News Article Design: 20 Tips For Good Web Copy
Clean is better. Eye-tracking studies say so. Web copy should be bulleted, concise, easy. Photos should be informative, not decorative. White space is good. And guys like looking at George Brett’s protective cup.
You weren’t expecting that last part were you?
I wasn’t either. But this post on effective news article design proves it.
Newspapers have had trouble transitioning from print to the Web. They’re used to doing things differently.
Well, most of the time.
Laura Ruel and Nora Paul (link above) interviewed people from Nielsen/Norman group about readability and user satisfaction and comprehension.
They said users spent more time reading wordy content, but remembered 34 percent less than when they read really tight copy.
That’s because of the way people read on the Internet. It’s the same reason designers on the Internet use sans serif fonts –so you can read faster.
"If a user is comfortable," said Nielsen researcher Tara Coyne, "not hindered by clutter and superfluous words, and can scan the main points, he will get the summary of the article quickly and easily."
Superfluous is superfluous, but it’s not her fault, she’s an academic type. It’s also otiose, but we’ll just call it ‘excessive,’ because it’s easier.
Ruel and Paul said people don’t really look at pictures, either, unless they’re pictures of real people and not models. People like pictures that give them information. They skip pictures that are just there to be pretty.
Also, women might be telling the truth when they say size doesn’t matter. All the men in the eye-tracking study fixated on George Brett’s…strike zone. But women didn’t. Not at all.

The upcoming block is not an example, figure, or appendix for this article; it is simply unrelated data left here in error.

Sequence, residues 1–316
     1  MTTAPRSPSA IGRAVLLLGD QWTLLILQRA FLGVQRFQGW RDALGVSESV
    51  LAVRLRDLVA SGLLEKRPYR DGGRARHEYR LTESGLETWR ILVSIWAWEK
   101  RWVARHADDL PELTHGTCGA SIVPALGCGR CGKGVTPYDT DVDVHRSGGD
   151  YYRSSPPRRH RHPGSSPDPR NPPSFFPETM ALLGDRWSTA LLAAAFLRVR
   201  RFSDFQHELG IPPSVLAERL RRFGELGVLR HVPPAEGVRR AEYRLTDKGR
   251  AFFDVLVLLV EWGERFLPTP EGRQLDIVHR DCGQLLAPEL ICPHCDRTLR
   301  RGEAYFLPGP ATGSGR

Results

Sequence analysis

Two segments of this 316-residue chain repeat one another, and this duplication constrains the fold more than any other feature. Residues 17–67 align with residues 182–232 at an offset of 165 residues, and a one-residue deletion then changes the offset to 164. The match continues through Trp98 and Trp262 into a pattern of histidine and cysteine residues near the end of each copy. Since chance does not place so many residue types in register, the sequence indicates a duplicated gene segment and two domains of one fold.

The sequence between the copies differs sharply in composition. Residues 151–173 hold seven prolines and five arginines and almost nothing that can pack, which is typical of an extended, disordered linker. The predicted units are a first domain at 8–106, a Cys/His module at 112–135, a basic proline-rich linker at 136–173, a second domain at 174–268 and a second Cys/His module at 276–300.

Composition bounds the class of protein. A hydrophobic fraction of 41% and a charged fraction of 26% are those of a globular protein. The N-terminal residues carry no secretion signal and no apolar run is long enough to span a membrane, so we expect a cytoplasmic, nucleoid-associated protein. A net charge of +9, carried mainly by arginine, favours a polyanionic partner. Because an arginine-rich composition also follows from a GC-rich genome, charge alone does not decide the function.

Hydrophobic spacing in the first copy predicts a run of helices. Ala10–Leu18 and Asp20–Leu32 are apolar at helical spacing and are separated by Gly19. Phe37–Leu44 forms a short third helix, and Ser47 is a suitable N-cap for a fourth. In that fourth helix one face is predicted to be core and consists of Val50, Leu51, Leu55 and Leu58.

So, add this to the other things we know about Web copy and design. Here’s a short list to help you remember, bulleted and subtitled like it’s supposed to be.
20 Things To Remember For Good Web Copy
1. Tight writing. That doesn’t mean bad or easy writing.
2. Copy of about 600-800 words is better for SEO and catching the long tail of search.
3. Title – Subject – Support, in that order, like subject, verb, object.
4. Titles should be snappy and informative – clickable, but clear.
5. Leads (first sentence or paragraph) should get to the point. Tell the reader what the article’s about first thing.
6. No fancy, wordy intros where it’s not clear what you’re talking about.
7. Information beats fluff every time. Pretty is for books and newspapers (and only sometimes).
8. Information does not beat style every time. Style keeps people awake.
9. Sans serif fonts are easier and faster to read on computer screens.
10. White space is awesome – even better than big, pretty pictures.
11. Content should be scannable.
12. Think in bullets and subtitles.
13. People like lists.
14. Pictures should be specific and informative, not generic, decorative and ad-like.
15. Photos should be relevant to content.
16. People in pictures should look friendly and approachable (and have their whole head).
17. Photos should be full body if possible (so guys can check out packages and stuff).
18. Spell stuff right. It makes you look smarter.
19. Grammar IS important. Unless you’re not really a professional.
20. Online press releases should be even tighter than Web copy.
Currently pursuing a Master of Fine Arts in Writing degree, Jason Lee Miller received his bachelor’s degree in Communication, emphasizing in script writing for mass media. Jason is also certified in print journalism by the Kentucky Press Association.